Tuesday, 21 May 2013


Another dull, dreary and distinctly overcast day today.  But despite that, Malcolm and I did manage to get out for a longer walk around Shipley Park, which took us up the hill and round Osborne's Pond before returning round Shipley Lake.
As we walked around the lake, we were delighted to see that the Herb Robert (Geranium robertianum) has begun to flower and its feathery foliage is looking bright and fresh despite the dull weather.
Very common in Britain, this rather lowly member of the Geranium family is nonetheless a beautiful addition to the spring hedgerows and byways.  The foliage is said to repel mosquitoes if crushed and rubbed on the body, but as it is supposed to smell of burning rubber, perhaps the mosquitoes would be preferable.
Among the trees of Shipley Hill, the Cow Parsley (Anthriscus sylvestris) is also in flower now and the scent from these frothy, white flowers is as indicative of a British Springtime as any I know of.  A member of that large family, the Carrots, this is also believed to repel mosquitoes in the same way as the Herb Robert.  But (there's always a 'but') you have to be careful not confuse it with some of its poisonous relatives, who's sap can cause burning and severe irritation of the skin.  So, probably best to avoid this one too!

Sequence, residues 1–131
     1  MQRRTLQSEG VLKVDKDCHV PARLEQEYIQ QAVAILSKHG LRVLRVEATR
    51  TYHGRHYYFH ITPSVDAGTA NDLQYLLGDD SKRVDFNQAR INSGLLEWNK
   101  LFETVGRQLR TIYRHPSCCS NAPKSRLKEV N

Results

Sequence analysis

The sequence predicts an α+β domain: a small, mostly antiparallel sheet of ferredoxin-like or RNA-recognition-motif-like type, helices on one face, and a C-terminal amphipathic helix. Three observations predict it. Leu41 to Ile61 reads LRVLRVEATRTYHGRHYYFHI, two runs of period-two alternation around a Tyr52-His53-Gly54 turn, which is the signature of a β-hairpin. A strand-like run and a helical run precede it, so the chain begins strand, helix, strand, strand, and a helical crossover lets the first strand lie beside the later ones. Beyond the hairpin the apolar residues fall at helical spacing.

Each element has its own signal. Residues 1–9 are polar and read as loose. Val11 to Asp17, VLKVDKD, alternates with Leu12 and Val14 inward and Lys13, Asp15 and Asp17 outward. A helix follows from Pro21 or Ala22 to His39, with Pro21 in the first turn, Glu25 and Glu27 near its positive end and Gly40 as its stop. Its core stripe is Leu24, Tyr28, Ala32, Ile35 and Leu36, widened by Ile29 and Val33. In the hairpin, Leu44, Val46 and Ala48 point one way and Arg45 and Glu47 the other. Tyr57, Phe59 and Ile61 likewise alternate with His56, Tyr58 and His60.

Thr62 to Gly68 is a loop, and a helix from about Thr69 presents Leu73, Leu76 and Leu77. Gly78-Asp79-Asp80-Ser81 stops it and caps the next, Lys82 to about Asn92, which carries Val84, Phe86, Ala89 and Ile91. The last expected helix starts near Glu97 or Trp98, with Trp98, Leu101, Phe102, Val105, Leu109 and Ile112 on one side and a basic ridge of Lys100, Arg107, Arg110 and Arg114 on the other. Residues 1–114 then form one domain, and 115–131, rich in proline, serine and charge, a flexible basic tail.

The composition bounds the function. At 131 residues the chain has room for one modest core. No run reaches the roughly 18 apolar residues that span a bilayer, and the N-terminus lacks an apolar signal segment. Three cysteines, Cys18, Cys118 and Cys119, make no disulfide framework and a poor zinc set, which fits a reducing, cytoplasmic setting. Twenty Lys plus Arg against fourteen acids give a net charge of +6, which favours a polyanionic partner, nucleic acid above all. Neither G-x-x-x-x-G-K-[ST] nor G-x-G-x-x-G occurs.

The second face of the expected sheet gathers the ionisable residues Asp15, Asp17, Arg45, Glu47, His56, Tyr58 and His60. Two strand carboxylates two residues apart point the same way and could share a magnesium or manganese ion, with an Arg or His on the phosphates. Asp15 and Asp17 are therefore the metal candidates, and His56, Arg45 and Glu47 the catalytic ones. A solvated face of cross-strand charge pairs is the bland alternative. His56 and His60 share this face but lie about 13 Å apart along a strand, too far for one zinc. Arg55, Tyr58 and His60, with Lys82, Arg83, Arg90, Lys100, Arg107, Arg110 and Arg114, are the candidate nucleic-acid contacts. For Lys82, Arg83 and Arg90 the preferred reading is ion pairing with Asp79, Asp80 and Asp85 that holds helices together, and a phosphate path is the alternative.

Lastly for today, our eye was caught by the trees above the Cow Parsley.  Here, a couple of Horse Chestnut trees (Aesculus hippocastanum) have opened their candelabra-like flowers and they make a wonderful show.  In recent years, the Horse Chestnuts of Britain have been ravaged by the destructive little Horse Chestnut Leaf-miner (Cameraria ohridella), which is the larval form of a tiny moth.  The caterpillar of this moth, lives and feeds in between the top and bottom surfaces of the tree's leaf and 'mines' the green, fleshy parts of the leaf, leaving behind large areas of brown tunnels all over the leaves and an unsightly mess.  But for now, just enjoy the beautiful flowers of this imposing tree.
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